1. Benito Alaez Corral (ed.), Conflictos de derechos fundamentales en el espacio publico (Marcial Pons 2017)
  2. Richard Albert, Carlos Bernal & Juliano Zaiden Benvindo, Constitutional Change and Transformation in Latin America (Hart 2019)
  3. Richard Albert, Paul Daly & Vanessa MacDonnell, The Canadian Constitution in Transition (University of Toronto Press 2019)
  4. George Anderson and Sujit Choudhry (eds.), Territory and Power in Constitutional Transitions (Oxford University Press 2019)
  5. Vito Breda (ed), Legal Transplants in East Asia and Oceania (Cambridge University Press 2019)
  6. Jose Luis Garcia Guerrero and Maria Luz Martinez Alarcon (eds), Constitucionalizando la Globalizacion, Volumes 1 and 2 (Tirant lo Blanch 2019)
  7. Oliver Gerstenberg, Euroconstitutionalism and its Discontents (Oxford University Press 2018)
  8. Ron Levy, Hoi Kong, Graeme Orr & Jeff King (eds.), The Cambridge Handbook of Deliberative Constitutionalism (Cambridge University Press 2018)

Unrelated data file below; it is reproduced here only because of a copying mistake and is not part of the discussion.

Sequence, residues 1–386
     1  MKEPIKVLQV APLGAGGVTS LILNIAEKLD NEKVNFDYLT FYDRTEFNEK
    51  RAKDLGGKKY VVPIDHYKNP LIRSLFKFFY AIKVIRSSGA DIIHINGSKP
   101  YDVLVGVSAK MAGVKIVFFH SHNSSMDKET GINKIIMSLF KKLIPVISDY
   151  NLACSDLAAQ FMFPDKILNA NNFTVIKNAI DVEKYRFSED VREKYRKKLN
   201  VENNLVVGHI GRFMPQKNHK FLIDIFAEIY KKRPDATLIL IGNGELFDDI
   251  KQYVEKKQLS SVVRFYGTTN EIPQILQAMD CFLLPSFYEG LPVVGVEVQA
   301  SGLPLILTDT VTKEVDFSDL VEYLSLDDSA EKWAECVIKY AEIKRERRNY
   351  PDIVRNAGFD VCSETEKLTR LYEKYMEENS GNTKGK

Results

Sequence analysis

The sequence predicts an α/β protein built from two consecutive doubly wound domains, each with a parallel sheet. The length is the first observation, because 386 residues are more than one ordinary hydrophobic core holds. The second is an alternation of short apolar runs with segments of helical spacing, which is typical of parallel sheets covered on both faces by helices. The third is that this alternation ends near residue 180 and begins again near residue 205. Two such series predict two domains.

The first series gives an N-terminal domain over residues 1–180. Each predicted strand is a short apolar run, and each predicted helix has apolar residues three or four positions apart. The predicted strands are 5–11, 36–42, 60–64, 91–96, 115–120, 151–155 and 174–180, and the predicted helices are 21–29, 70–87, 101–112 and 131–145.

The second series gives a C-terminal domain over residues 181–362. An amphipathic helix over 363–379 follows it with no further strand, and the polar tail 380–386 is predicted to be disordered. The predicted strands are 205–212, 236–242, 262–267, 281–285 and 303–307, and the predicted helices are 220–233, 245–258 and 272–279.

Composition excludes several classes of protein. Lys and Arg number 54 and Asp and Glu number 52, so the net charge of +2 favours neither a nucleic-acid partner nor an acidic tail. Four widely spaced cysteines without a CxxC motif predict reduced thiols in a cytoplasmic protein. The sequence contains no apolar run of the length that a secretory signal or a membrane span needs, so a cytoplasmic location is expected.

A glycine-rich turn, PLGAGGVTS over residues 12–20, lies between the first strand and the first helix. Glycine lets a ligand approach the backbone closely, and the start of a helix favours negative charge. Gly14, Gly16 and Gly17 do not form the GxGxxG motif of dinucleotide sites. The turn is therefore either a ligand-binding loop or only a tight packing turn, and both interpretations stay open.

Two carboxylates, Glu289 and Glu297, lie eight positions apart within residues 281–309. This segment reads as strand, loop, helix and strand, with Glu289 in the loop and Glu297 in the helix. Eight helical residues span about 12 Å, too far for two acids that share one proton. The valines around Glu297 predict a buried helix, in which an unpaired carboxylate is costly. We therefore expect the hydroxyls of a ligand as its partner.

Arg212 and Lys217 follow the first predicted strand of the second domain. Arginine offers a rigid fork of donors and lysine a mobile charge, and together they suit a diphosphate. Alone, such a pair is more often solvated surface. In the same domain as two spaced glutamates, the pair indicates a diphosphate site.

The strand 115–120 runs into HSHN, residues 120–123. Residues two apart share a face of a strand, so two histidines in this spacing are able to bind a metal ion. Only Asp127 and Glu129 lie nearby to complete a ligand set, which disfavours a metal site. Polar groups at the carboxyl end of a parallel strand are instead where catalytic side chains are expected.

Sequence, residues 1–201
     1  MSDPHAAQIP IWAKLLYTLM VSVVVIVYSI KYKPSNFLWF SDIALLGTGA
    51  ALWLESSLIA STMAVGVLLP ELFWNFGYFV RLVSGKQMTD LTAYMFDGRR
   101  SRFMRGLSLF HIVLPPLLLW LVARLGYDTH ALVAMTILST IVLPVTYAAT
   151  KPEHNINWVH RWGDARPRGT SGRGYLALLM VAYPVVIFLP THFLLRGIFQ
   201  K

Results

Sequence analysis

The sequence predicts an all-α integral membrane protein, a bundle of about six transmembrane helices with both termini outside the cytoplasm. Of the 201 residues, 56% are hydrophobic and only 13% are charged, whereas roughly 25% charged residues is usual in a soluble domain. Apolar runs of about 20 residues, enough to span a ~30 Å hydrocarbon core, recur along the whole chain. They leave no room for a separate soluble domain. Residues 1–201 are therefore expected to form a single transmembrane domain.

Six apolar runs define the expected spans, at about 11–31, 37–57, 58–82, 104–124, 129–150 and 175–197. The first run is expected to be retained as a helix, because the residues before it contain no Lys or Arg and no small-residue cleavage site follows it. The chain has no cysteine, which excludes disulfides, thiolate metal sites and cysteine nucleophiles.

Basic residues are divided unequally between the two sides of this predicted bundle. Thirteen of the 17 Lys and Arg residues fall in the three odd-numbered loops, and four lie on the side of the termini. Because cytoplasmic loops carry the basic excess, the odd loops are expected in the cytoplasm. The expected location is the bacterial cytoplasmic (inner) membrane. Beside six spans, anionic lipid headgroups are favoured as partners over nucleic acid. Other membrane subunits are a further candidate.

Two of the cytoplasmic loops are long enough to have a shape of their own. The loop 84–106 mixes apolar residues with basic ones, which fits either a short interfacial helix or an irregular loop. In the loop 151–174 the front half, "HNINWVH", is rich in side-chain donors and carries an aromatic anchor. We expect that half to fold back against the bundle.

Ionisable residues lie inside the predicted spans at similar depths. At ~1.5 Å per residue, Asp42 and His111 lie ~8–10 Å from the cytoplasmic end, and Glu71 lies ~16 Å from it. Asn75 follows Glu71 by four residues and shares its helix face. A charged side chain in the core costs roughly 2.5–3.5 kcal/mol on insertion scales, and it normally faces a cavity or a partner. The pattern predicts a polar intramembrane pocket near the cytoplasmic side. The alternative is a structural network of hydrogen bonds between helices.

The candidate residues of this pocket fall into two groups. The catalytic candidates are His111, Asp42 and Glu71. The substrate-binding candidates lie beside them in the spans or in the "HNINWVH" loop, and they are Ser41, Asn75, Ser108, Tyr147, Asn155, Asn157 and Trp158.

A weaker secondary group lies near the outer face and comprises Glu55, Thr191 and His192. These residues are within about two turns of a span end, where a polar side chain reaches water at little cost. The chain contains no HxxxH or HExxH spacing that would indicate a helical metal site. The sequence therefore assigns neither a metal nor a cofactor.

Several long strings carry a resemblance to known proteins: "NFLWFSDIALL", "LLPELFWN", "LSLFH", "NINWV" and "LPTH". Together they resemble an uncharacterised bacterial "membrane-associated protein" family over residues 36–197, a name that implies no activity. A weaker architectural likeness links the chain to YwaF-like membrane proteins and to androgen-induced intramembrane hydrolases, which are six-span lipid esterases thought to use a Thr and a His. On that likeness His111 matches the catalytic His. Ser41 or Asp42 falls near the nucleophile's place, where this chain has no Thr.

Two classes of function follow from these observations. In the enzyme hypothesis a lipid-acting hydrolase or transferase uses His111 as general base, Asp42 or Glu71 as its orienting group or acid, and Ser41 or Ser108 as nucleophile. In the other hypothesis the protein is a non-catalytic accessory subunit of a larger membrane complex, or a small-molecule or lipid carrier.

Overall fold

9. Carissima Mathen, Courts Without Cases: The Law and Politics of Advisory Opinions (Hart 2019)
  10. Piotr Mikuli, Natalie Fox & Radoslaw Puchta, Ministers of Justice in Comparative Perspective (Eleven International Publishing 2019)
  11. William Phelan, Great Judgments of the European Court of Justice (Cambridge University Press 2019)
  12. Jorge Ernesto Roa Roa, Control de Constitucionalidad Deliberativo (Externado University Press 2019)
  13. Wojciech Sadurski, Poland’s Constitutional Breakdown (Oxford University Press 2019)

Please register your interest here by August 2, 2019, if you would like to review one of these books. A confirmation will follow. Preference will be given to early-career scholars and first-time I-CONnect contributors.

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Published on July 19, 2019
Author:          Filed under: Reviews

The Rule of Law and the Judicial Retirement Age in Poland: Is the ECJ Judgment the End of the Story?

Matteo Mastracci, Koç University

On June 24, 2019, the Grand Chamber of the European Court of Justice delivered its long hoped for judgment over the retirement age dispute introduced by the Polish legislator through the so-called “Law on the Supreme Court.” Following the passage of this law, all sitting judges were forced to retire early (at 60 for women and at 65 for men, rather than 70) and with immediate effect. Because of it, 27 out of 72 judges of the Supreme Court, including the First President, would have been directly affected unless they were given relief through a formal process coming from the hands of the President of the Republic.